Non-Fiction

August 2017

Genocide A World History by Norman M Naimark book cover

The Crime of Crimes:
Genocide: A World History

'Genocide is distinct from broader terms such as war crimes and crimes against humanity. In Genocide: A World History, Naimark reviews cases of genocide dating to the ancient world, working through the warrior genocides committed by the Crusaders and the Mongols, to the Spanish conquest of the Americas, to what he terms the ‘settler’ genocides that occurred in North America, Africa and Australia.' 

Sydney Cemetries A Field Guide by Lisa Murray book cover

Tending and Attending

'I have paid my respects at Anne Brontë’s grave but not at that of my own great-grandmother. Graves haven’t figured at all in my sense of myself as a person with biological progenitors, yet they’ve played a part in my attempts to connect with individuals whose artistic achievements I admire. '

A Writing Life cover

Love and Rhetoric: A Writing Life

'I had the sensation of ‘growing up’ as a result of reading Brennan’s book. This statement expects no flabbergasted reaction. Many of us know that books have tracked our lives – and with Garner, it is from inner-city, communal living in Monkey Grip, to families in The Children’s Bach, to the enigma of the spiritual in Cosmo Cosmolino, to death in The Spare Room.'

Grand Hotel Abyss by Stuart Jeffries book cover

Politics Without Gasoline:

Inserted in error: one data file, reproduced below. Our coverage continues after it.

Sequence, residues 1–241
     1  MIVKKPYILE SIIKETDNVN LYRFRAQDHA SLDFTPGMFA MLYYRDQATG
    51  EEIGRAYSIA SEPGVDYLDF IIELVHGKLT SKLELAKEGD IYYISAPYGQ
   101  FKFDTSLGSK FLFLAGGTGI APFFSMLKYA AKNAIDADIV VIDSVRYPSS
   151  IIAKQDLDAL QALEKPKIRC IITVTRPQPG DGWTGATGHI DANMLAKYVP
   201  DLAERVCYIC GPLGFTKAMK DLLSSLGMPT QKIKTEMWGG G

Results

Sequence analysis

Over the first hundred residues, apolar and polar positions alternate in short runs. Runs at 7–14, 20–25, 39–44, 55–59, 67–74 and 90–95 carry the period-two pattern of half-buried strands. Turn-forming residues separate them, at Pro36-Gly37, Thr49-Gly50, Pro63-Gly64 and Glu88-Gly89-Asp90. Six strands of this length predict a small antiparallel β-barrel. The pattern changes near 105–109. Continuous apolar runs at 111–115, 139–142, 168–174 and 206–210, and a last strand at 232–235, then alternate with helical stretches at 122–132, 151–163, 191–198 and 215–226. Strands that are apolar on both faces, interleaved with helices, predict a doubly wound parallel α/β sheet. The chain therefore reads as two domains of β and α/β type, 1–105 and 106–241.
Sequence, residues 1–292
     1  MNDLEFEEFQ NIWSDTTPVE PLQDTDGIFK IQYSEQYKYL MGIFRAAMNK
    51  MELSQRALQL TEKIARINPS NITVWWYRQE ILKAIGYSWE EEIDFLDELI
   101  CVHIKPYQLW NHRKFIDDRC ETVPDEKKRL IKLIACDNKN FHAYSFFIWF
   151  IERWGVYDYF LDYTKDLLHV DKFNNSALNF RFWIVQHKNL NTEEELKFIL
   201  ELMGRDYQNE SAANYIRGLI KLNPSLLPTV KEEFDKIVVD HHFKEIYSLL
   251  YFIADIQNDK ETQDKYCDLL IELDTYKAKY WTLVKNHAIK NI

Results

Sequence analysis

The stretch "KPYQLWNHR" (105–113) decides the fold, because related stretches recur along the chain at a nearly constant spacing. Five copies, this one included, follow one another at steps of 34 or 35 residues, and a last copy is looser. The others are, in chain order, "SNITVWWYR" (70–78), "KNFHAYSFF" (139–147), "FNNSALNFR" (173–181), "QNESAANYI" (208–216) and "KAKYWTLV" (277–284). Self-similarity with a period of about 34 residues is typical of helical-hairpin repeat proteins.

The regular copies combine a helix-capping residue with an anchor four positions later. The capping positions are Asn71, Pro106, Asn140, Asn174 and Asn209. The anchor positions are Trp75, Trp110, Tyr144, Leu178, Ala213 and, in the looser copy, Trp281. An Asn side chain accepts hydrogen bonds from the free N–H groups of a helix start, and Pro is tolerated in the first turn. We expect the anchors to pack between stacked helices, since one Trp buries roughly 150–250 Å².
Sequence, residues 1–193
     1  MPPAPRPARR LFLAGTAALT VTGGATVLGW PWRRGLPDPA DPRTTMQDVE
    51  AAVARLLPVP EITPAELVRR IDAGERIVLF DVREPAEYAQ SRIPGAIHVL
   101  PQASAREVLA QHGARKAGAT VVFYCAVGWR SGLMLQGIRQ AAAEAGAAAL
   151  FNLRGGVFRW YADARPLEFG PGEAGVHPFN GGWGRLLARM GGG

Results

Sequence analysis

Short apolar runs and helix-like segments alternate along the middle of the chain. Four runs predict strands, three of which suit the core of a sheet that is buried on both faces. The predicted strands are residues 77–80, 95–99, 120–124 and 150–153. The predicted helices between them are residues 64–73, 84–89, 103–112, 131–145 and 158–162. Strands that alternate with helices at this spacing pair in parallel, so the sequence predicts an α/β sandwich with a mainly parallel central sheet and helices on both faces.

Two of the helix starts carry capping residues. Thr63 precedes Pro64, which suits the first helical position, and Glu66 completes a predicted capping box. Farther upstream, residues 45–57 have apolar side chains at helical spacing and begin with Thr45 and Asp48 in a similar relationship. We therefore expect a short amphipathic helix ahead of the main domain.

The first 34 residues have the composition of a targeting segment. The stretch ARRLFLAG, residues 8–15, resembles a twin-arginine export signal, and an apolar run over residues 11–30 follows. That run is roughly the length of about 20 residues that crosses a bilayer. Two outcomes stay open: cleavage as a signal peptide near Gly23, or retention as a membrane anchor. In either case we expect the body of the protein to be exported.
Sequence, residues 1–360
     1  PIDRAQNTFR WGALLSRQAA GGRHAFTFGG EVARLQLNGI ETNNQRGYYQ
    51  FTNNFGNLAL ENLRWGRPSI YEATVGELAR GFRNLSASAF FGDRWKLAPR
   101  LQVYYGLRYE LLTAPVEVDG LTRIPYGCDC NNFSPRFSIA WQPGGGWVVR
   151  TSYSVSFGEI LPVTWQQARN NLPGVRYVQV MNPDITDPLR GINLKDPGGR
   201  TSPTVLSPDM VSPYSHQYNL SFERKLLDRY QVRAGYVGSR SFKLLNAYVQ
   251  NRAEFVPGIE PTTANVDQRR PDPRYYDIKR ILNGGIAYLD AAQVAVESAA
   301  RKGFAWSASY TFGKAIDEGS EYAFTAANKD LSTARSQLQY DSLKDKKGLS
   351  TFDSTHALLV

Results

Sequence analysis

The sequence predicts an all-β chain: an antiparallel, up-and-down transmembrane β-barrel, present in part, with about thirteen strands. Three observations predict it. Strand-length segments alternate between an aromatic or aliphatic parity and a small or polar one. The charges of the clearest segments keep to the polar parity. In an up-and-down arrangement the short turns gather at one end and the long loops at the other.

Grand Hotel Abyss

''Stuart Jeffries’ group biography, Grand Hotel Abyss tells the story of the Frankfurt School, its central figures, and their most significant affiliates. The collective accomplishment of these thinkers, it shows, was to develop a critical theory with which to apprehend what it means to live and think through an historical period during which the left would achieve fewer and fewer victories.' '

Keep up with the SRB

Subscribe to our free weekly newsletter

Please leave this field empty.

The SRB is an initiative of The Writing and Society Research Centre at Western Sydney University

July 2017

Rattling Spears A History of Indigenous Australian Art by Ian McLean

The Shimmer of Light

'Martin Edmonds on a new history of Indigenous Australian art 'Nothing is simple in this philosophical arena, where rattling spears and tjurunga contend with sextants and theodolites; cans of spray paint with the sepia tones of old colonial photographs. The question is how to make a future. If the Dreaming was always about eternity poured into time, the problem the Enlightenment brought with it—along with its Cartesian accoutrements—was how to protect eternity from time.' '

They Cannot Take The Sky cover

The Greatest Crime

They Cannot Take the Sky gathers thirty-five stories of men and women who have experienced Australia’s detention regime. Some are now living in Australia and others remain locked up. Each oral history, told to one of the book’s editors, transcribed and translated, bears witness to the resilience of the human spirit and to its fragility. Together these stories are a condemnation of the border policies that have permitted the long-term incarceration and criminalisation of refugees and asylum seekers.